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Suguta showers (Credit: Annett Junginger, distributed via imaggeo.egu.eu)

CL Climate: Past, Present & Future Division on Climate: Past, Present & Future

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European Geosciences Union

Division on Climate: Past, Present & Future
cl.egu.eu

Division on Climate: Past, Present & Future

President: Irka Hajdas (cl@egu.eu)
Deputy President: Kerstin Treydte (treydte@wsl.ch)

The Division on Climate: Past, Present & Future is one of the larger divisions of the European Geosciences Union. It pools from many disciplines and consequently has many co-organized and co-listed sessions with other divisions at the general assembly. The division is very interdisciplinary and covers climate variations on all time scales. CL includes the study of any kind of climate archive from rocks to ocean cores, speleothems, ice cores, chronicles, to instrumental records to name a few. Besides observations, climate modeling on all time scales from the deep past to the future are areas covered by the division. Any aspect of the climate system falls into the realm of the division e.g. atmosphere, ocean, biosphere, cryosphere, and geology. Themes focus on the climate on Earth but may also expand other planets or the sun.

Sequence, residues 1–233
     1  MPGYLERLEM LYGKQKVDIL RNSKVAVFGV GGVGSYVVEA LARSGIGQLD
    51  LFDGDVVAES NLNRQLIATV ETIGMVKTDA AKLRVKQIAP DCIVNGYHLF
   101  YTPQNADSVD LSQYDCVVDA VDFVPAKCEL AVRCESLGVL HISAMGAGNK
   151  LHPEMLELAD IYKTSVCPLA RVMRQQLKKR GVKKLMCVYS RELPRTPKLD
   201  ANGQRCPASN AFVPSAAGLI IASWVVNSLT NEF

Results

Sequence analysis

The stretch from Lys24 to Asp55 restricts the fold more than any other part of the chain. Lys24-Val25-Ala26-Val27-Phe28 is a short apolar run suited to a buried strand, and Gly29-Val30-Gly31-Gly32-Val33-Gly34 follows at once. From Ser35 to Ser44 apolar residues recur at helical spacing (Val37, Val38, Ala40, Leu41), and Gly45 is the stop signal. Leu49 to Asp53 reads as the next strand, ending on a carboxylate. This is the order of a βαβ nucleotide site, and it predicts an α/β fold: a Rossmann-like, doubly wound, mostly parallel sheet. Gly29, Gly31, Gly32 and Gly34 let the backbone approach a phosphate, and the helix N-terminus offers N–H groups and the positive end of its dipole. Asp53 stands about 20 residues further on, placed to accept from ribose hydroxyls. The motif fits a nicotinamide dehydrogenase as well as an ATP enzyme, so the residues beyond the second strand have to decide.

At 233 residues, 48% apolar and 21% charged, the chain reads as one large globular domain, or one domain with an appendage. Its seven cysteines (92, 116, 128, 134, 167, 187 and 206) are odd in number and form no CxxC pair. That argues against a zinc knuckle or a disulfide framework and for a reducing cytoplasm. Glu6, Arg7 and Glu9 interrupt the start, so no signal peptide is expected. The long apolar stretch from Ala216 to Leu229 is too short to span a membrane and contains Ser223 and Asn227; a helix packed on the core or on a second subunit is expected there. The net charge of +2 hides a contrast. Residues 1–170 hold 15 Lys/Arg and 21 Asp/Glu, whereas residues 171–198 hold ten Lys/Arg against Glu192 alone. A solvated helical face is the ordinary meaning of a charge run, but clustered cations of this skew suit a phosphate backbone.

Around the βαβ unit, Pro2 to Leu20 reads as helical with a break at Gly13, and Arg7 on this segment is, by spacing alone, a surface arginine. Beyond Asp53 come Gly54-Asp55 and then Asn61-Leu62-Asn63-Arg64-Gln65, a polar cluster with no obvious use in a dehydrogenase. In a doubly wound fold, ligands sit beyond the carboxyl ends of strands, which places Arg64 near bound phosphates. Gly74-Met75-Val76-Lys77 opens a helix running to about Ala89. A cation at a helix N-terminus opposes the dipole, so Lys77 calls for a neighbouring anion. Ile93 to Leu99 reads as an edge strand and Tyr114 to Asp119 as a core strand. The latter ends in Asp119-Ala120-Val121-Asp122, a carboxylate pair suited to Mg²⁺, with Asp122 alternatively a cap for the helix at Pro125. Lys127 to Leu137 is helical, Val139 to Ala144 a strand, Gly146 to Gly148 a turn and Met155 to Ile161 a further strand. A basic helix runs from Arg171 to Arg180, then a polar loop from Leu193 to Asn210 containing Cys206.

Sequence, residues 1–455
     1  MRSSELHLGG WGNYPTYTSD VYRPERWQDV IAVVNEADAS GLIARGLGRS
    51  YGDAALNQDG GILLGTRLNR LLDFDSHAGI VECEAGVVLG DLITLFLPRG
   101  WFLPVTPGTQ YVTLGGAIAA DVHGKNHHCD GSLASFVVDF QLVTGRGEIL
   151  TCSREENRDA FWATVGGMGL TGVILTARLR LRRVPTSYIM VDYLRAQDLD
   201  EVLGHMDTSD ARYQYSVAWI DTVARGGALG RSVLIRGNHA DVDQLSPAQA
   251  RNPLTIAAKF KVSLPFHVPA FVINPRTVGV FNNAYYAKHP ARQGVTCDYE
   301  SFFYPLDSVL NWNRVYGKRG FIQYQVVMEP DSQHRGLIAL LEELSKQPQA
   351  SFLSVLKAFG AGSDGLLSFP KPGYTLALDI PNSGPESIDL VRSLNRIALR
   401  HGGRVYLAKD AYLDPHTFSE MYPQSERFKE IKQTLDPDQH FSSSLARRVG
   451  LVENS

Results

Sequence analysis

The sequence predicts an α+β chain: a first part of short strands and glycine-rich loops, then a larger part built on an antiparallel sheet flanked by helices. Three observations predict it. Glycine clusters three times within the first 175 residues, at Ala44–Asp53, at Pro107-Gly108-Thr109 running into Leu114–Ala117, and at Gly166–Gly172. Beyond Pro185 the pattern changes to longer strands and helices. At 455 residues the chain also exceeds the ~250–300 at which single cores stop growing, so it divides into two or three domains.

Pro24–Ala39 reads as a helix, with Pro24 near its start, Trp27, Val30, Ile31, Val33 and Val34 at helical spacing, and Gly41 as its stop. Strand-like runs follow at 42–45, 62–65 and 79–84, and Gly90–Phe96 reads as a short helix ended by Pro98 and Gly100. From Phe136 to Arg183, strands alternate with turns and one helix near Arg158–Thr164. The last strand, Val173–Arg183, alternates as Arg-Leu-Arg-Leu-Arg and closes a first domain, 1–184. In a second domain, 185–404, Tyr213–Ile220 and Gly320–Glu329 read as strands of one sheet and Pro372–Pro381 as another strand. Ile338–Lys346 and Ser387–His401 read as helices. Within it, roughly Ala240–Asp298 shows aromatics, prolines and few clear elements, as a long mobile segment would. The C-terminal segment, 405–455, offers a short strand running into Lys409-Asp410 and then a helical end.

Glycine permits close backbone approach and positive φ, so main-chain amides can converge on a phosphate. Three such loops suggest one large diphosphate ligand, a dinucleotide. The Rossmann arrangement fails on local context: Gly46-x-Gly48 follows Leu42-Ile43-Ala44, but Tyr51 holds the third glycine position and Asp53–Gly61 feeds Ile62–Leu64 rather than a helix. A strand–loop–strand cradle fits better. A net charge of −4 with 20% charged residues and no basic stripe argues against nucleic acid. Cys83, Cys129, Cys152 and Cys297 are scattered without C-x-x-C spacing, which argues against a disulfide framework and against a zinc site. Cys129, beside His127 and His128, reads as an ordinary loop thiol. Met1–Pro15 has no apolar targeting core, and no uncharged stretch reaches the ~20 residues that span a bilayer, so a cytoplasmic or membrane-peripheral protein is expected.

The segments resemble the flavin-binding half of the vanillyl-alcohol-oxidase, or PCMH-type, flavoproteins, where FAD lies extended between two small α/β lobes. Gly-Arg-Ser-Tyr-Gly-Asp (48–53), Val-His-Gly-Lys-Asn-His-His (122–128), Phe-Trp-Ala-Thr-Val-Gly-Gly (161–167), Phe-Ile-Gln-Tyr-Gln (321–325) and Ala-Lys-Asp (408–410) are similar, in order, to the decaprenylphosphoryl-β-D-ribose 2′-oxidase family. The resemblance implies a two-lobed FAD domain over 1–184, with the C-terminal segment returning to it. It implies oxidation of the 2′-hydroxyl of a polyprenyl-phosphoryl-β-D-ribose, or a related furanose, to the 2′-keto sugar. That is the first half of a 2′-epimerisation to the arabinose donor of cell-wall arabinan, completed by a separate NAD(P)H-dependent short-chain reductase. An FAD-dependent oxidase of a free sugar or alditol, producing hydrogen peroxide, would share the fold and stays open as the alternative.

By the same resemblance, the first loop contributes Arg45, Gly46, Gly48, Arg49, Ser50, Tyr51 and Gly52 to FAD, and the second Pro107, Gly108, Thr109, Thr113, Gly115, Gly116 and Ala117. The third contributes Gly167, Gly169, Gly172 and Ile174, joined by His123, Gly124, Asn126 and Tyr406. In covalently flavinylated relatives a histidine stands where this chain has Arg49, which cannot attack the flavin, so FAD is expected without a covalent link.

News

Climate Scientists win Nobel Prize for Physics